The Bar requires that this disclaimer be included within the body of text messages, even if it requires several messages to do so.  This interpretation wouldn’t (or at least, shouldn’t) survive a constitutional challenge, as it pretty much eliminates the ability to use text messages to communicate with accident victims.  The Bar has the burden to show that its mandatory disclaimer is necessary and minimally restrictive; they’re unlikely to be able to do so here, given the lack of flexibility.

Solicitation by text message is unseemly and distasteful,  but taste can’t be regulated by the bar without offending the first amendment rights of lawyers to speak and consumers to have timely access to the information they need.  Prohibition of speech is a blunt instrument.  And while it’s easy to imagine scenarios where a text message would be unwelcome, it’s equally easy to imagine situations where consumers would be well-served by having timely information about their rights, even if these cases are few and far between.  Ultimately, consumers are better served by relying on market and first amendment forces to discipline advertising tactics such as these.

Update 12/24/13Scott Greenfield has tried to take me to task on this one, but he’s missing the point – or letting his distaste for lawyer marketing blind him.

I think that – absent unusual circumstances – solicitation by text is going to be sleazy.  And ineffective.  It’s just that, under existing law, the bar can’t prohibit it. 2

Look at the Primus case.  Look at the Shapero case.  Two Supreme Court cases on bar rules prohibiting forms of written solicitation.  Two cases applying the intermediate scrutiny standard of review for commercial speech.  And two decisions overturning such restrictions, noting the fundamental difference between written and in-person solicitation.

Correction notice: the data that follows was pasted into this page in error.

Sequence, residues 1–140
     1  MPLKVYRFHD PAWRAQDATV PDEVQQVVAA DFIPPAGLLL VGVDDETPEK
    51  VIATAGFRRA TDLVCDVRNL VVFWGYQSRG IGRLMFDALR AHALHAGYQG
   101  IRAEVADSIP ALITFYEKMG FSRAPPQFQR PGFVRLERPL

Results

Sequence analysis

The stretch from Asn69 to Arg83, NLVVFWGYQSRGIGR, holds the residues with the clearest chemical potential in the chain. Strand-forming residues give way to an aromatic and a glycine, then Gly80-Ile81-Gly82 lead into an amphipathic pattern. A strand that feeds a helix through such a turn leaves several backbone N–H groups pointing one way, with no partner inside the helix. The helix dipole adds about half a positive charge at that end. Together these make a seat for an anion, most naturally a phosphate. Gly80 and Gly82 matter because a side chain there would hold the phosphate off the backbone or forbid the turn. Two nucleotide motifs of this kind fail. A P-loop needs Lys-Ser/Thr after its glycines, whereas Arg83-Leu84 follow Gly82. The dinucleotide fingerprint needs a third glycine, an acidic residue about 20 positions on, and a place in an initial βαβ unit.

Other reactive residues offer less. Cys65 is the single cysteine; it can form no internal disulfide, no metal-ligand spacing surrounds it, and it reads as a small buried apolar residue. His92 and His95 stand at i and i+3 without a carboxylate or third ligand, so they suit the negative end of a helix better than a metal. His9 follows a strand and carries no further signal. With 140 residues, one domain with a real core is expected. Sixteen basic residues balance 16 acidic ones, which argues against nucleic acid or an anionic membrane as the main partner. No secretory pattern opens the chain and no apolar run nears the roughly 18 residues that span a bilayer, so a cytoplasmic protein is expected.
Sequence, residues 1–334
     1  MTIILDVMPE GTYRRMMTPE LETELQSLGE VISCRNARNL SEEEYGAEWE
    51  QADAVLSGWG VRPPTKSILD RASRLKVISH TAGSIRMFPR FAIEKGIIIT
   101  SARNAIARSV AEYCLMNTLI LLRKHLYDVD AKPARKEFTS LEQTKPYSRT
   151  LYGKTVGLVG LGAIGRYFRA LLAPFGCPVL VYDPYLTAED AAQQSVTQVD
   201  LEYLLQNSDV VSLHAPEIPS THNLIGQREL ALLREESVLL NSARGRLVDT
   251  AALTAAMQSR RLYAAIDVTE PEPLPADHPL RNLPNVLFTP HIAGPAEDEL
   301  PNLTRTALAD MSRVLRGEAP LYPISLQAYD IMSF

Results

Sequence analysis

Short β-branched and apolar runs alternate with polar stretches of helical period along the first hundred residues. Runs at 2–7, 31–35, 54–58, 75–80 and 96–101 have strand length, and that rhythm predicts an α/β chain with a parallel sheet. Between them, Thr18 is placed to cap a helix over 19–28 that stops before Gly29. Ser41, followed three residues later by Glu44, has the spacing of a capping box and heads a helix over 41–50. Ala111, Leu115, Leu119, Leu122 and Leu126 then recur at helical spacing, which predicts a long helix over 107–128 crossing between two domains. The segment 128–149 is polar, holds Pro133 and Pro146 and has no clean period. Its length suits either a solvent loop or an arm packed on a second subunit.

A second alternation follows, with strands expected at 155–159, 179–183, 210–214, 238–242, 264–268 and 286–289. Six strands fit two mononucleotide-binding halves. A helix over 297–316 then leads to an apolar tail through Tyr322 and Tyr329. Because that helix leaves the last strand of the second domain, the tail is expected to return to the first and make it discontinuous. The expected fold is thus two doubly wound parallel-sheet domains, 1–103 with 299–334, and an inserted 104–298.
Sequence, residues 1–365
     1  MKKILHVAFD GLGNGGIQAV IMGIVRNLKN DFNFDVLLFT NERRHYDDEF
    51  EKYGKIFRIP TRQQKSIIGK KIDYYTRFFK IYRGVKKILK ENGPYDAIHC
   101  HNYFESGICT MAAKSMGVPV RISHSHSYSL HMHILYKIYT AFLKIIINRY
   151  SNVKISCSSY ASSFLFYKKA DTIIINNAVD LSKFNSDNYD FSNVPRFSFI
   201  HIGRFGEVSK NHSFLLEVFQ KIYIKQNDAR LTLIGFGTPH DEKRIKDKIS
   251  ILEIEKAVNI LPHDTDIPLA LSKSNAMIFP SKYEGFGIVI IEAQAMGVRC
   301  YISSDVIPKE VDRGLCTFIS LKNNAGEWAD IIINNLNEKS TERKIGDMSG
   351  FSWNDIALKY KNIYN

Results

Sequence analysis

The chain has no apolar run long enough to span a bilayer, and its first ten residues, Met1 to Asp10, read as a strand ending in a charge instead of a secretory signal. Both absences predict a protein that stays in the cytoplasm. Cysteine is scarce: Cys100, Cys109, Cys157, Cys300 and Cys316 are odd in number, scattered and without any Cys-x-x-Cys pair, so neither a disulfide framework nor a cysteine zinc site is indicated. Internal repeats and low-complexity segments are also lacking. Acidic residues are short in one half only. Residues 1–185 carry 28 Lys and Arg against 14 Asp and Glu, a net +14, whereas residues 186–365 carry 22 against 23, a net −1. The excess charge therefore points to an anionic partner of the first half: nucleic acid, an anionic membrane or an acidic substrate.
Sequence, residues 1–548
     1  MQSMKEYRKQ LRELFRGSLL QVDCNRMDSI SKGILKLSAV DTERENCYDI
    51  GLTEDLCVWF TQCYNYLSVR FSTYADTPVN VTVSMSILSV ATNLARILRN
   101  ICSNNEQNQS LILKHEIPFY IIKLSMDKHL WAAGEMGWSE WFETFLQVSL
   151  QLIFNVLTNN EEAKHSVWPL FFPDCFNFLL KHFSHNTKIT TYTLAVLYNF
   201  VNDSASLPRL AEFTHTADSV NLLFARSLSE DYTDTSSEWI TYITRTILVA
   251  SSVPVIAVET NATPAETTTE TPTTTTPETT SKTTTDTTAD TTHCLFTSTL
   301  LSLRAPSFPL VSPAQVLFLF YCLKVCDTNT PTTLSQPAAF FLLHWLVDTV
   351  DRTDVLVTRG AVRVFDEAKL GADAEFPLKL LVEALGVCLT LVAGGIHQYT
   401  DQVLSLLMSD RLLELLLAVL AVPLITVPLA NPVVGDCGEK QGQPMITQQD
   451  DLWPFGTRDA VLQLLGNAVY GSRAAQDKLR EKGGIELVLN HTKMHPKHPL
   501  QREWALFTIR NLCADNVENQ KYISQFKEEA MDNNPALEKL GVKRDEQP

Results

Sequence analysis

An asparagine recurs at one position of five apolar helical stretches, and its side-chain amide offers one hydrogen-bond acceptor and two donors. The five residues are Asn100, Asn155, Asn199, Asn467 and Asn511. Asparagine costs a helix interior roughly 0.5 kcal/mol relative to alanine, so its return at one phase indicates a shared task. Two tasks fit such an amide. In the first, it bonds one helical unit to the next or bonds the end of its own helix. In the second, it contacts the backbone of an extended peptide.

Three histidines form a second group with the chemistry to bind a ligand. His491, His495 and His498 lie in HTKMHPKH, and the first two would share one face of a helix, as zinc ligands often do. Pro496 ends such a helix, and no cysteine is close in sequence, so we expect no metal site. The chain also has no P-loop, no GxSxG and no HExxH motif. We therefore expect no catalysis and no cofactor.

Do you think text messaging is “in person” or “real time?”  You’d need to, in order to make the argument that Ohio could have arrived at any decision other than the one it did.  Or you’d need to believe that Primus and Shapero need to be revisited.

(@Popehat also raises the specter of the TCPA.  While the TCPA limits the ability to use robodialers to send these texts, it doesn’t apply to manually-placed calls or texts.)



  1. Ohio Rules of Professional Conduct 7.3(e).
  2. Which is a good thing – see my point about speech prohibitions being blunt instruments.

A Socially Awkward Launch

Befitting the name, I’m launching “Socially Awkward” somewhat quietly, with an eye to getting feedback first from a number of folks who I can count on to tell me what’s missing, what I got wrong, etc. And I really would like to get this input.  Leave a comment or send me an email.  This site has its origins in my efforts to organize my notes, so the more complete I can make the info, the more developed I can make the points, the better. Besides identifying obvious errors or gaps in my thinking, what other material would benefit attorneys interested in the intersection between bar regulation of speech and the first amendment?

  • I haven’t included many district or circuit court cases on attorney advertising – what are the notable exclusions?
  • Are there commercial speech cases involving other industries that are applicable (particularly if they involve non-advertising expression)?
  • Are there historical antecedents or other considerations to help explain the peculiar reach of attorney advertising regulation?

Thanks again for reading.  I look forward to adding to the materials here, and to engaging with others interested in free speech issues – even for attorneys.